Arizona is known for its copper with major production taking place the Clifton-Morenci District, Verde District including Jerome, Ajo, the Warren District around Bisbee, and the Globe-Miami area.  The Clifton-Morenci District had claims staked as early as 1872 by a group of men which included the Metcalf brothers.  A town was named after the brothers which has since been overtaken by the mining production which continues to present day.  Following the claims in Clifton-Morenci area were those in Globe established in 1874.  After the Globe claims Jerome claims followed shortly thereafter in 1876 which prospered until 1953 when it was closed.  Following the Jerome claim was Bisbee in 1877 which started production in 1880 with rich copper oxide identified at the Copper Queen Claim.

 

 

 

 

 

 

 

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Group of miners, hoistmen seated with candles at Sprayshaft, Copper Queen Mining. 
AHS, Pictures-Places-Bisbee-Mining, #13291

 

In 1870, Robert Metcalf discovered a rich copper deposit near present day Clifton.  In 1872 Robert Metcalf and his brother returned to the area and discovered the Metcalf and Longfellow mines.  The ore mined from the Longfellow mine assayed as high as 80% copper and averaging 20% coper over the first 10 years of operation.  The initial mines were underground and later in 1937 open pit methods were being used to remover the ore.  This required stripping of the waste material from the top of the ore body which took place until 1942 when the first ore was processed at the new Morenci concentrator.  Mining in the Clifton-Morenci area continues into present day.

 

 

 

 

 

 

 

 

 

 

 

 

 

 

 

 

 

 

 

 

 

 

 

 

 

A small scale locomotive pictured at the bottom of the Coronado incline in the early 1900's

 

Copper discoveries continued in Arizona with findings in what is now called Superior in 1900.  In 1914 the Magma Copper Company built a large smelter to support the mining.  Mining continued until 1981 when the smelter closed. 

 

In 1942 main ore bodies of copper were discovered in San Manuel with the first mine shaft built in 1948.  Major production began in 1955 and by the 1980’s San Manuel mine was the largest underground coper mine in the world in terms of production capacity, size of the ore body and infrastructure.  Mining continued at San Manuel until it was closed in 2003.

 

 

 

 

 

 

 

 

 

 

 

 

 

 

 

 

 

 

 

 

 

 

This Dec. 30, 1955, photo shows two miners getting ready to blast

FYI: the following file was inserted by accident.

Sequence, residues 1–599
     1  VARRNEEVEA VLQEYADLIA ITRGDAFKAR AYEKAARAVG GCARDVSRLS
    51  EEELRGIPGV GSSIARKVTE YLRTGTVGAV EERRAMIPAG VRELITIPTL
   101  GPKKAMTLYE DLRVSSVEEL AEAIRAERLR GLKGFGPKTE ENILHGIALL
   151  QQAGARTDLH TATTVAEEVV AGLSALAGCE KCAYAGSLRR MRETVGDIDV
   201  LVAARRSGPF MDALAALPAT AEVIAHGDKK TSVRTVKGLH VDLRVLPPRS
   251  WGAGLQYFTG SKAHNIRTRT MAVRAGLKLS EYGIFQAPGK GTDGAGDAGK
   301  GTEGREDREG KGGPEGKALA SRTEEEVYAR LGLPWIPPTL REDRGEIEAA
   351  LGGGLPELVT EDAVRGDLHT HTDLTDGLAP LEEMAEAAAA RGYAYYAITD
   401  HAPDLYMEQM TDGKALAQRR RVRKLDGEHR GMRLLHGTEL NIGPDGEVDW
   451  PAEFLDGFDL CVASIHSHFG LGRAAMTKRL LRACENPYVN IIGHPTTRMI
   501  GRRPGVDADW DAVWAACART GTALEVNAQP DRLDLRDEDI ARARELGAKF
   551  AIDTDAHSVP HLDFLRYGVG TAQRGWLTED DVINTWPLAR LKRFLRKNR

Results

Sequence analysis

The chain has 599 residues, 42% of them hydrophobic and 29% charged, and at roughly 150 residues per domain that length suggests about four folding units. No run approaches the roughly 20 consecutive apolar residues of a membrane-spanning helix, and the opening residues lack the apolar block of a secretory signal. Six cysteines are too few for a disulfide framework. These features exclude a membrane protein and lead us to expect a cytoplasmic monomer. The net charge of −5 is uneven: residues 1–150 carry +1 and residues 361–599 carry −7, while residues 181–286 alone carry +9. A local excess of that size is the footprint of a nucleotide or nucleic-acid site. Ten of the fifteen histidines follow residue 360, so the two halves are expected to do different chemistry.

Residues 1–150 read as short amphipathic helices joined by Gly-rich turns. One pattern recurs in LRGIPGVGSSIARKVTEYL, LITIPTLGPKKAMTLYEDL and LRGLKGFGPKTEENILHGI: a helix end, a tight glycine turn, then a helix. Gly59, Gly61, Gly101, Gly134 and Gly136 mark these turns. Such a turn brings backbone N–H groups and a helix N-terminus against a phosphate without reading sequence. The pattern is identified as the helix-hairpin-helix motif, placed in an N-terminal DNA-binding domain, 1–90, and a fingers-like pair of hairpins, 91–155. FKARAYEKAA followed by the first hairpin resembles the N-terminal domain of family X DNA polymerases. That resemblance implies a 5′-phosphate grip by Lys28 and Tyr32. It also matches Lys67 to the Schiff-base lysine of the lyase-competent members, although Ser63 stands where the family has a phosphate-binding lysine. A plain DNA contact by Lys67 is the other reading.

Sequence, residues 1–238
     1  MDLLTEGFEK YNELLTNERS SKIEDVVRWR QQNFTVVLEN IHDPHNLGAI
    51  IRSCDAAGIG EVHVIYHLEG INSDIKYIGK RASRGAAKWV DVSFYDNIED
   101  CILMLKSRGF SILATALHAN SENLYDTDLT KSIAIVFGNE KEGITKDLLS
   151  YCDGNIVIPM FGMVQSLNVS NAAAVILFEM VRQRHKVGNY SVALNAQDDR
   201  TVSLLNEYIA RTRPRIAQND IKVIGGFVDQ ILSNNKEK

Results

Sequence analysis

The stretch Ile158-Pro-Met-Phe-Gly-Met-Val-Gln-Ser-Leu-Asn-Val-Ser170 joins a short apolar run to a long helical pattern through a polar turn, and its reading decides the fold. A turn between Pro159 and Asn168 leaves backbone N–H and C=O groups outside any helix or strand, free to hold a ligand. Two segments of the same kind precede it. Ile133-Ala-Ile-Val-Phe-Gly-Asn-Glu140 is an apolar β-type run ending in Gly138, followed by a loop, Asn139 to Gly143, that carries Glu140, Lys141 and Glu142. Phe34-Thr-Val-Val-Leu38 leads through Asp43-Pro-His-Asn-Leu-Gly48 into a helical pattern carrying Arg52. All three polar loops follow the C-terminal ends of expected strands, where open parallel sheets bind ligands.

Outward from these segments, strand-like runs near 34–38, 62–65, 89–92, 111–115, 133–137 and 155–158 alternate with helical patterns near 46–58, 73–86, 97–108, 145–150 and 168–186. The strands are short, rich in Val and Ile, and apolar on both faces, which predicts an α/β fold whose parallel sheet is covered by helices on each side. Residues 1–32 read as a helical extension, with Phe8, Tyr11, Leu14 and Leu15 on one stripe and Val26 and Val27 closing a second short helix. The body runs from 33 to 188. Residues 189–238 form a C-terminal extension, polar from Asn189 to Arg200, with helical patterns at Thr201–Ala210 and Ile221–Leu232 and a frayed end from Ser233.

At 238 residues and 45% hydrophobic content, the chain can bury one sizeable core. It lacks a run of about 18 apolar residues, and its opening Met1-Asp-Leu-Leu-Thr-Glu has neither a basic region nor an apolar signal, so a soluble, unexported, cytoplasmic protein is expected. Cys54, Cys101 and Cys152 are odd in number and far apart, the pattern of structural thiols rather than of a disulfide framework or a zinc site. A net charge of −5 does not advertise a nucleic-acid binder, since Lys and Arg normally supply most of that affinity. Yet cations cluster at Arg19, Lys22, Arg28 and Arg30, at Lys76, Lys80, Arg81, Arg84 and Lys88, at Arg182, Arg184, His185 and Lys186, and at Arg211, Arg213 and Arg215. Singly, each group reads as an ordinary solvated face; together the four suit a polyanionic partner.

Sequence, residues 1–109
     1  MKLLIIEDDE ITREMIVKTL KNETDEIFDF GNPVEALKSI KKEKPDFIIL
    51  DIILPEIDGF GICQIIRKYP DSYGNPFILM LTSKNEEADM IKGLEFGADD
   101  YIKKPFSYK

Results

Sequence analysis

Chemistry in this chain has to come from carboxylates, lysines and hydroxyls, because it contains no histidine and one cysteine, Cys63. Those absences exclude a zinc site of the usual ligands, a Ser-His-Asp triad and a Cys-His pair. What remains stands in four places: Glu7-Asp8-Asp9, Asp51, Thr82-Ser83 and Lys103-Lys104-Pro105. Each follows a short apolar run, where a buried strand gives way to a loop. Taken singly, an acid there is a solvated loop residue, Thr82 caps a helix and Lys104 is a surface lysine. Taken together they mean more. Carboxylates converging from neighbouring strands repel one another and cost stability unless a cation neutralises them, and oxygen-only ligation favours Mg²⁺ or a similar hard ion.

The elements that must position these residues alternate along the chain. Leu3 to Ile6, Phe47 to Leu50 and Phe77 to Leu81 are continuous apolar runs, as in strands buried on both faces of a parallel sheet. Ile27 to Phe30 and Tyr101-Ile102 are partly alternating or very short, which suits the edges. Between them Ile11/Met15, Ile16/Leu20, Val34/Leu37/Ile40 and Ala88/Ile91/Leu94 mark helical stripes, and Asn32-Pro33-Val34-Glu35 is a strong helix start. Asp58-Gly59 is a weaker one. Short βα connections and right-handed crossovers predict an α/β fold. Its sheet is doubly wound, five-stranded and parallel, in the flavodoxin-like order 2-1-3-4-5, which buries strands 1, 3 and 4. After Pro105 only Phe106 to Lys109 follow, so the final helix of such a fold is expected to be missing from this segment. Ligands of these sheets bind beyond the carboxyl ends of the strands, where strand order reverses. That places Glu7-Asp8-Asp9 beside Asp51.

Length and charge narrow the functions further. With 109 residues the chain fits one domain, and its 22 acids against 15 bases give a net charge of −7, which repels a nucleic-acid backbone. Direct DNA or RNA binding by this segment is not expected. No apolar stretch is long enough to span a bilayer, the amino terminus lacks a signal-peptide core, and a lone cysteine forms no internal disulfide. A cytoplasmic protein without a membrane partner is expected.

Further exploration began in the northwest part of the state in the area of what became Chloride in the 1840’s.  In the early 1860’s, a rich silver vein was discovered and the location was dubbed Silver Hill.  Further discoveries in the area include lead, zinc, gold, copper, and turquoise.  The mining camp of Chloride was founded around 1863 and in the early 1870’s a treaty was signed with the Hualapai Indians allowing for mining to expand in the area.  Two major mines, the Tennessee and the Schuykill, were worked producing lead, silver, gold, and zinc in this area up until the 1940’s.

 

 

 

 

 

 

 

 

 

 

 

 

 

 

 

 

 

 

 

 

 

The Tennessee Mine and Mill in 1906

 

There have been over 400,000 mining claims recorded in Arizona and it is estimated that more than 4,000 companies formed for the sole purpose of mining.  In reality, more money was probably invested in mining the hard rock than was ever taken out in gold.

 

There are many colorful stories associated with the discoveries around the state which included stories of vultures, tombstones, cities of gold, and many superstitions.  The mineral discoveries affected many cultures and nationalities in the territory now called Arizona.  The lure of the Wild West has made many men and women famous with stories of law men, outlaws, swindlers, discoverers, chiefs, military leaders, explorers, and others.  Tombstone is said to be the town to tough to die but I think this applies to a much larger boundary called the state of Arizona and its wild history abound in the state and beyond.

 

References:

 

1)      Arizona Mines – miningartifacts.org

2)      Historical Atlas of Arizona – Henry P. Walker and Don Bufkin

3)      Gold Lured Route 66 To Oatman - https://arizona100.wordpress.com/2010/09/14/125/

4)      Greenlee County History - http://www.co.greenlee.az.us/morencimining.aspx

5)      The Arizona Daily Star